Further advantages of certain homogenized formulations (e.g., dairy formulations) and methods disclosed herein can include a narrower particle size distribution of the microcapsules in the homogenized formulations as compared to formulations where the microcapsules were added after homogenization and thus not homogenized. Also, when the homogenized formulations are pasteurized, as is typically done for dairy products, milk proteins can assemble around the outer shell of the microcapsule during pasteurization. The degree and amount of assembly is believed to be dependent on the time and temperature of pasteurization. The assembly of the milk proteins (e.g., whey proteins and caesins) can improve the flavor of the formulation, since such proteins are known to be good adsorbers of certain flavors and odors. Also, the associated milk proteins can provide further stability to the microcapsules and their contents.
  • [0031]
    In the disclosed methods, the pre-homogenized composition can be any fluid that is to be homogenized. Thus, the disclosed methods are not intended to be limited in any way by the particular pre-homogenized compositions. For example, the pre-homogenized composition can be any comestible, cosmetic, pharmaceutical, nutritional, or health care product that is to be homogenized. In certain specific examples, the pre-homogenized composition can be a dairy product (e.g., milk).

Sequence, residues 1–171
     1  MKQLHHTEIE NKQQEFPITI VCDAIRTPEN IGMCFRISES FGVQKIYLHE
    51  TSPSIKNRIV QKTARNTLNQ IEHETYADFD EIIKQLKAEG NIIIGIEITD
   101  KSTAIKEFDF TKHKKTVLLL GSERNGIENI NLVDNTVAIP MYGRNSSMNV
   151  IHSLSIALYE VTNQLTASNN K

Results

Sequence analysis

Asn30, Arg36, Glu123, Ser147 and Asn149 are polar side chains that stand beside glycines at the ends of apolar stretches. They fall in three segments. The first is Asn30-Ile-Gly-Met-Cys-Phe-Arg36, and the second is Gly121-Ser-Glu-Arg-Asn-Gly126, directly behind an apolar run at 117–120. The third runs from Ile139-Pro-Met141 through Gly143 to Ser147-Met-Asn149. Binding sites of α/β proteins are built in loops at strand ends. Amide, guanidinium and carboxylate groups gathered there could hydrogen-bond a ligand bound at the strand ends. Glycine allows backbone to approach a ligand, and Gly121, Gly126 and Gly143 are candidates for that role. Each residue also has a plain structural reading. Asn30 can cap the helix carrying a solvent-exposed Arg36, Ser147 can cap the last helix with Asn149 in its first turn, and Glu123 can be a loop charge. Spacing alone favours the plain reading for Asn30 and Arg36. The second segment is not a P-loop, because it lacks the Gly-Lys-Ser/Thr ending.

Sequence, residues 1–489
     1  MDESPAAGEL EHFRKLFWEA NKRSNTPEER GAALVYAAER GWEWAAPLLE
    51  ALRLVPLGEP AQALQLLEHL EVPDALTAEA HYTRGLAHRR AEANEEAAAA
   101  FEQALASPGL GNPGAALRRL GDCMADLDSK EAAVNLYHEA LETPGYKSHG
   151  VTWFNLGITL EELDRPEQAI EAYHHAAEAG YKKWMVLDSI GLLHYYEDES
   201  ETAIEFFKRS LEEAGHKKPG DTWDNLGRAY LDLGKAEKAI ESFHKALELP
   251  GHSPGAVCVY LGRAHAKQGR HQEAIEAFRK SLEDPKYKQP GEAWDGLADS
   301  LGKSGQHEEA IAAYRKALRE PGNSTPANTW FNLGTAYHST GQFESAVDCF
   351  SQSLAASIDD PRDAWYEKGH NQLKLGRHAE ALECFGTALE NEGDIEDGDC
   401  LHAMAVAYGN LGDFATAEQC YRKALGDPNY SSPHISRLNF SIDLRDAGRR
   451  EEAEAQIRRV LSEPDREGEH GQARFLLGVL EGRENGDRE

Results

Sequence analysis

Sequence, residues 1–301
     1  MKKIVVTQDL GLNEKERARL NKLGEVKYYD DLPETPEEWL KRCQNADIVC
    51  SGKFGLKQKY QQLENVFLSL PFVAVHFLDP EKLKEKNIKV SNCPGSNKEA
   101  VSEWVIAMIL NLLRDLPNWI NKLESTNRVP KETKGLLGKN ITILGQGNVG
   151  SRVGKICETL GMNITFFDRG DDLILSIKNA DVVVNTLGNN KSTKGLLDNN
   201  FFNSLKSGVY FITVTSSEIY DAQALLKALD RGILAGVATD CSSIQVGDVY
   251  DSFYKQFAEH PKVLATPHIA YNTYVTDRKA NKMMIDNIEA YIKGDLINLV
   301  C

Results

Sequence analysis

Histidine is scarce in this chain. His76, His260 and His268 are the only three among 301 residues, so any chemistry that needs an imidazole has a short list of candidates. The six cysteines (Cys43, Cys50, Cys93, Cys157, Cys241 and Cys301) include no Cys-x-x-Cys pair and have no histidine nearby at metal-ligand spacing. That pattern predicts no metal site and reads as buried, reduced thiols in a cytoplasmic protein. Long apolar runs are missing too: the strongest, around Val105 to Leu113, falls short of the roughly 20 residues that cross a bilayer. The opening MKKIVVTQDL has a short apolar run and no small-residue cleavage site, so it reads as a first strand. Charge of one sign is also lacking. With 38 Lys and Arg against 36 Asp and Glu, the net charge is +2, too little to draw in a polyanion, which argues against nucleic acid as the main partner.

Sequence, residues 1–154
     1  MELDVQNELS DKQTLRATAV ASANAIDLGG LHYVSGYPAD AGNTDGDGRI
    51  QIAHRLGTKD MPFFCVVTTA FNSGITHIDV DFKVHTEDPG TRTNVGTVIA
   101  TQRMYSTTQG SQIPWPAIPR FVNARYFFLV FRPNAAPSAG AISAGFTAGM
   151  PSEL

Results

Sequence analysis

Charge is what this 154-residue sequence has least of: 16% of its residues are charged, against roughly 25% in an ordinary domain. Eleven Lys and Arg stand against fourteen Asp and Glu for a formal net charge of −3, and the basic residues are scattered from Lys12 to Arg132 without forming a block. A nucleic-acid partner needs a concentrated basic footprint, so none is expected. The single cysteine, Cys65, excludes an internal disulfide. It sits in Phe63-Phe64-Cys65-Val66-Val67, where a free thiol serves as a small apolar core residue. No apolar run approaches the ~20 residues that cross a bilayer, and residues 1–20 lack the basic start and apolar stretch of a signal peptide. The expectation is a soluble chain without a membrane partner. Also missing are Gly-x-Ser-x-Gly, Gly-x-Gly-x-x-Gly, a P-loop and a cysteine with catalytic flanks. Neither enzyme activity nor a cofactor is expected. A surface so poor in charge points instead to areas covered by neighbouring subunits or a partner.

• [0032]
    It is understood that suitable pre-homogenized compositions can have already been homogenized one or more times before. As long as these compositions are to be homogenized at least once again, they are acceptable pre-homogenized compositions for the disclosed methods.
  • [0033]
    The pre-homogenized can also be either pasteurized or un-pasteurized. For example, a dairy composition that is pasteurized, but has yet to be homogenized, is a suitable pre-homogenized composition. Also, a dairy composition that has yet to be either homogenized or pasteurized (in any order) is a suitable pre-homogenized composition.
  • [0034]
    The disclosed pre-homogenized compositions, as well as the resulting homogenized formulations provided therefrom, can comprise one or more microcapsules. In some examples the disclosed pre-homogenized compositions and resulting homogenized formulations can comprise the same type of microcapsules and, in other examples, different types of microcapsules (e.g., microcapsules containing different loading substances).